Ricketts on pursuit of Theo, Kenney's future and more

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Ricketts on pursuit of Theo, Kenney's future and more

With Theo Epstein and Co. firmly ensconced in the Cubs offices at Wrigley Field, Tuesday was time for Cubs Chairman Tom Ricketts to finally discuss the process that he followed in wooing Epstein away from his hometown Boston Red Sox. Ricketts shed some light on the hiring and what it took to convince him to take on the ultimate sports challenge in trying to win a World Series with the Cubs.

I sat down with the chairman for a one-on-one interview for an "Inside Look" epsiode that will air in a couple weeks on Comcast SportsNet.

Ricketts touched on a multitude of topics, including the future of Crane Kenney, the Cubs' president of business operations who has come under fire from some members of the media as well as the Cubs' rabid fan base who have linked him to the failures of the past regime. However, Ricketts pledged tremendous support for Kenney and even went as far as announcing that he is working on a contract extension for him.

Day one, square one when we bought the team, everyone that was already here started fresh," Ricketts said. "What Ive seen firsthand is execution. The baseball side and the business side are two sides of the same coin. We have to be working together to push the team forward to be the best we can be on the field.

"Im talking with Crane on extending his contract. Were going to have him as part of this organization for a long time, locking down all the business side. Crane has done a great job of executing on the business side. There has been some stuff in the media (about Kenney) and that doesnt apply to me. I dont listen to that. Hes doing his job and hes doing his job well and Cubs fans need to know that.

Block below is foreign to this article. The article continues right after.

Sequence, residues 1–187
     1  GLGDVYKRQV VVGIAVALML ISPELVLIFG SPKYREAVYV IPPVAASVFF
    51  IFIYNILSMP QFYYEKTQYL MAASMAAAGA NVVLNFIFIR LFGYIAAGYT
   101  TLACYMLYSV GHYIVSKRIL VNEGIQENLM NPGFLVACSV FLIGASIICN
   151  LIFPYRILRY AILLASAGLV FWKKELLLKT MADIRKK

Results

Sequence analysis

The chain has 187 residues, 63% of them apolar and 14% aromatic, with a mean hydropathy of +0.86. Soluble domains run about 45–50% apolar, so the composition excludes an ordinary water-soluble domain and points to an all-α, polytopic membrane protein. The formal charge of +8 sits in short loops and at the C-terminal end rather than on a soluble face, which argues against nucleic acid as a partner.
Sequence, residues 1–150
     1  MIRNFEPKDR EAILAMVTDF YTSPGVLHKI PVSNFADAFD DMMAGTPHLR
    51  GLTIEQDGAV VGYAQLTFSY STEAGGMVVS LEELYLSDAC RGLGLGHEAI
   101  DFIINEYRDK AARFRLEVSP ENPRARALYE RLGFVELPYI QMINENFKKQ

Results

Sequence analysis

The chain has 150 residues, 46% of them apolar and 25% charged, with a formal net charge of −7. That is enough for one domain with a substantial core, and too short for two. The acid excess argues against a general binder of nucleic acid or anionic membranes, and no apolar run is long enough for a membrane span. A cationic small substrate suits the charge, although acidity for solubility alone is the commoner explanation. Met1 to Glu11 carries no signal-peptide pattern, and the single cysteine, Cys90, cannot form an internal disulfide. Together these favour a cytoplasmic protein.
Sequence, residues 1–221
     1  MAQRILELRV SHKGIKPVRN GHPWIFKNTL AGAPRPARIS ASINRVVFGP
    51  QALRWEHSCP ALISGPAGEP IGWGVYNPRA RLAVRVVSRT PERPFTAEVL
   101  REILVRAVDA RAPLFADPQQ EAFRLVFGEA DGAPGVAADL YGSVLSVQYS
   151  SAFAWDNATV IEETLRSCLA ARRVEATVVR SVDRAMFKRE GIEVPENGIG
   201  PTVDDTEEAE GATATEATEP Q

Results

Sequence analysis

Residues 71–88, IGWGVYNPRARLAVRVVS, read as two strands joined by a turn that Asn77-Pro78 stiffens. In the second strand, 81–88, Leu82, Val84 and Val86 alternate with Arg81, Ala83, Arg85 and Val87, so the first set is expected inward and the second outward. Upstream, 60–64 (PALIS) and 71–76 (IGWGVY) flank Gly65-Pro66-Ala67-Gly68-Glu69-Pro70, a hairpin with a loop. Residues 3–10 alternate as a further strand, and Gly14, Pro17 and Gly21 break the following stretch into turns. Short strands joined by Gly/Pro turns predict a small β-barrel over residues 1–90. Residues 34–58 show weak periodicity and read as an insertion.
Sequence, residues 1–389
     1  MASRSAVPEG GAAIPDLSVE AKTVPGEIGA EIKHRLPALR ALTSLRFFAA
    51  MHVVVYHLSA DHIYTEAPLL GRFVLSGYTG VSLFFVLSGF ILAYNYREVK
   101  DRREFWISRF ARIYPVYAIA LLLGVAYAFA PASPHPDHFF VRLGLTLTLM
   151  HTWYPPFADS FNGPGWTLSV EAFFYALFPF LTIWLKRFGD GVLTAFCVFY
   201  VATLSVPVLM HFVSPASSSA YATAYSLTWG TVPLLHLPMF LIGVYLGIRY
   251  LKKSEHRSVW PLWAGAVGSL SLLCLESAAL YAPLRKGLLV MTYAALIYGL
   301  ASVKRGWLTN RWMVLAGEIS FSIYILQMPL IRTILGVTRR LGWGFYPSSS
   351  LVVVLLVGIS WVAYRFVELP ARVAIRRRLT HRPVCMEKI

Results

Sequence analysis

While the Cubs ownership group understands the need to build through player development, Ricketts expects his major league team to be vastly improved in 2012 despite a rough 2011 season that saw the Cubs finish 71-91 and 25 games behind the division-winning Milwaukee Brewers.

"We don't talk about rebuilding," Ricketts said. "We are coming to win every year. However, we will not look at 2012 at the expense of our long term future."

With large contracts on the books for Carlos Zambrano (one year left at 18.875 million) and Alfonso Soriano (three years left at 18 million per season) many around the baseball world have assumed the Cubs are stuck with both players but Ricketts made it clear that if Epstein decides that he needs to eat both deals and move forward, then he has the authority from ownership to do just that.

"Theo and his team have complete and total authority on all baseball decisions," the chairman said. "You as the owner cannot insert yourself into the process. If you do, then you have no level of accountability in the organization."

Ricketts had been under fire from the media and an increasingly apathetic fan base as the 2011 season spiraled out of control and saw the Cubs far out of the race in early July. It was at that point that he had a meeting with then-GM Jim Hendry and both men decided it would be best for the Cubs and Hendry to part ways.

"We think we gave Jim a fair shot, but when it looked like it wasnt going to be where we needed it to be, we had a great conversation and just decided to part ways, and that got the process started," Ricketts said. "The period between when Jim left and Theo came in was a little awkward because you couldnt really tell people what you were doing. But there was never a moment where I didnt really feel we had it under control."

Ricketts spoke with approximately 20 people within the baseball world and got varying opinions on how to rebuild his baseball organization. But he posed one question to everyone he spoke with and their answers were key in how he proceeded to find Hendrys successor. The question was in a perfect world, who do you think is the right guy for this team?"

We went through all that process and, obviously, Theo came right to the top," he said.

With Epstein and his team now on board, the next big project on Ricketts' plate is the renovation of Wrigley Field and that process will have to be a team effort between the Cubs and the City of Chicago, according to the chairman.